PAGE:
People, please. Water mains don't break because of usage, they're under the same pressure whether you're running water or not. They break because they're fucking ancient, like all the infrastructure around here like sewers, roads and bridges that no one wanted to fix for decades since it was more fun diverting funds to their favorite pockets. No politician ever got re-elected saying "I maintained the water system!!" They'd rather point to crap like painting bike stripes and murals.


Yes, but to be fair - increased use can cause increased corrosion (which is the first main cause for water main breaks) -- as well as heavy construction trucks can also move soil (second main cause of water main breaks) especially when frozen or very dry.

http://www.waterworld.com/articles/pr ... st-water-main-breaks.html

Posted on: 12/16 11:43
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Re: No Water in Hamilton Park
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Christine wrote:
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bodhipooh wrote:
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Christine wrote:
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lomotion1 wrote:
Is it normal for a city to have as many water main breaks as JC? I've been here for 10 years and I feel like it is once or twice a year at this point.


For a city as old as JC, yes. Hoboken has a lot more, actually.


This isn't "normal." It is the result of neglect for downtown infrastructure. Too many tax abatements and not enough upkeep. Downtown was never equipped to handle the amount of residents it has now. Infrastructure was never required of the developers. If you look at other areas of Jersey City (Journal Square not often and Heights even less), you don't see this.


Even a broken clock is right twice a day...

You are right that this is not normal, and that it is the result of neglect. The rest is just opinion, and conjecture, and most of it wrong.

Abatements have nothing to do with a water main break. An abatement means that the Jersey City coffers are getting MORE money (the county is the one getting screwed out of money) so in theory the city has more money to dedicate to infrastructure upgrades and maintenance.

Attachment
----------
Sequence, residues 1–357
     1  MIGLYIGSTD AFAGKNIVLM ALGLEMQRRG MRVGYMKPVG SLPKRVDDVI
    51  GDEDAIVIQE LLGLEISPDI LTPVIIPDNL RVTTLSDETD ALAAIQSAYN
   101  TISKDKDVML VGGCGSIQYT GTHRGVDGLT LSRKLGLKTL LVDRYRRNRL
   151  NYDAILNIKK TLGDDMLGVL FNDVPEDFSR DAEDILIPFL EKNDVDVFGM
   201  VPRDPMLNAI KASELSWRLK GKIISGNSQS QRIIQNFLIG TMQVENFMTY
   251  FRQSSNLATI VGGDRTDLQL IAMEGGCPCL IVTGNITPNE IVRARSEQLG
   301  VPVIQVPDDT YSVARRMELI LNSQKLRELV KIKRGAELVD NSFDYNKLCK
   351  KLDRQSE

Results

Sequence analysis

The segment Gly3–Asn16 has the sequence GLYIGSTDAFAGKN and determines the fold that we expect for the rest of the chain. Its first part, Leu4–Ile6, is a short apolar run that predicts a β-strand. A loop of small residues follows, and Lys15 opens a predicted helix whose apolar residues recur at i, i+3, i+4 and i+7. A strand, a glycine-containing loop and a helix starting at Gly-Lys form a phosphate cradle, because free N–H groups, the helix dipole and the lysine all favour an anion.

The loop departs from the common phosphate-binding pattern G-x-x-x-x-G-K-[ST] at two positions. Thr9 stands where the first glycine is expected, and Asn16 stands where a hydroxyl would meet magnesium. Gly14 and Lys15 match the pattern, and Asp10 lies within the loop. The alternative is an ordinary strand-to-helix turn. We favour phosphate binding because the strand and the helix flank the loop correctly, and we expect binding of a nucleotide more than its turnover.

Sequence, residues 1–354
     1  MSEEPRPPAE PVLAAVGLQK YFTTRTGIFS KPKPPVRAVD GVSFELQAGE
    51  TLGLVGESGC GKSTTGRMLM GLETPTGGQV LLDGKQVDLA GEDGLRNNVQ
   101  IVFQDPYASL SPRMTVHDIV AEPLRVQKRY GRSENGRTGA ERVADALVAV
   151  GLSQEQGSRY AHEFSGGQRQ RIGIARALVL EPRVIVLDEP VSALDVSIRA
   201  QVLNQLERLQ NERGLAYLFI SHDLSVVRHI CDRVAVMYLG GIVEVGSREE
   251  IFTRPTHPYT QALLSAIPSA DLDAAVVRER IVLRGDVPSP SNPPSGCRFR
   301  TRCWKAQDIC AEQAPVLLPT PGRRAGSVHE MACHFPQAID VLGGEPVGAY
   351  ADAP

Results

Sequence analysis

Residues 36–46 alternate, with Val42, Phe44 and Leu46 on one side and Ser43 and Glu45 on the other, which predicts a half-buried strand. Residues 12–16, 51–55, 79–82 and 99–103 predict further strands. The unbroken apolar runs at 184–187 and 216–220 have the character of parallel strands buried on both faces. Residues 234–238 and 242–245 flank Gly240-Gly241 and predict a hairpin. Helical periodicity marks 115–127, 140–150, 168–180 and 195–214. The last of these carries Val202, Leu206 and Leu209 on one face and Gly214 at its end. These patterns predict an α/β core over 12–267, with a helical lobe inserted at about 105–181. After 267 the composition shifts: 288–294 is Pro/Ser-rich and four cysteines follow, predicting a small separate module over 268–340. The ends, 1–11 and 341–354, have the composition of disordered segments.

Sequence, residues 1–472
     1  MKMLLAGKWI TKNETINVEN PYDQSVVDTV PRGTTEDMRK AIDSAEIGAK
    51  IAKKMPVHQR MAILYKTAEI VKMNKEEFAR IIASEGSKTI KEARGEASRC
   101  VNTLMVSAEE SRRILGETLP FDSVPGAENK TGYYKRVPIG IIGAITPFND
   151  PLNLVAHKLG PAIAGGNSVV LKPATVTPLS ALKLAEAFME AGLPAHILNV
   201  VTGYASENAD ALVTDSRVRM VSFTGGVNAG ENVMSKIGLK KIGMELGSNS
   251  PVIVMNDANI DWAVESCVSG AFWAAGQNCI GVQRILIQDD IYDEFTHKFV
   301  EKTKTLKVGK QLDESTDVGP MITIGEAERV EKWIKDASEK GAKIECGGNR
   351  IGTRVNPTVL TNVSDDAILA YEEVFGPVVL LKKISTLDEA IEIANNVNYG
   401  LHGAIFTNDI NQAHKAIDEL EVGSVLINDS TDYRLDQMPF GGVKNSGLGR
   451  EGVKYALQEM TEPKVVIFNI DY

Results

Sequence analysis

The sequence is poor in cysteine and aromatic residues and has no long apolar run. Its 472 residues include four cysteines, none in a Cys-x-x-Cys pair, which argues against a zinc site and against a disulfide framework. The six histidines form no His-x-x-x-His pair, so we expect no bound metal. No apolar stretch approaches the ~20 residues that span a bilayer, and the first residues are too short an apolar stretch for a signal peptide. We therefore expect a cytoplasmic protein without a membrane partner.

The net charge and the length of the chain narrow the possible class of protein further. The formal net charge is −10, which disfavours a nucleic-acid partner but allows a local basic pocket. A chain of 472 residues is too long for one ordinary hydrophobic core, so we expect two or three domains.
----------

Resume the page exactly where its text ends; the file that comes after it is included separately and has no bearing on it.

People love to grouse that JC is overpopulated, but the facts say otherwise: the population of Jersey City today is actually 15% lower than it was at its peak in the 1930s.

Over the past yeasr, the JSQ and Heights area have seen some water main breaks. The entirety of the city infrastructure is crumbling and needs some serious work, particularly the sewer system.


Not sure why you have the need to be insulting rather than just partake in the discussion, but I'm sure that there is a therapist out there who can help you with that.

The fact is that the Heights and Journal Square area have had FAR less water main breaks than downtown. I am well aware of PILOT programs and how they operate. My point is that part of any abatement should include some agreement that the developer be responsible for contributing to our infrastructure. Yes, the sewers are crumbling downtown; however, sewers were replaced in Lafayette section in recent years. While I'm sure that being from downtown and having to pay more taxes than anyone else and dealing with flooding and water main breaks is upsetting, it doesn't help to lash out at other people.

As for your population comment, there weren't 300,000 people living in Jersey City taking showers. We can all check the census on wikipaedia and find facts, but if you aren't astute enough to assumes variables (how many of those were children how many families had cars, etc), that data is apples and oranges.


1. Infrastructure in JSQ and the heights isn't even a fraction as old as downtown. So that's a terrible comparison.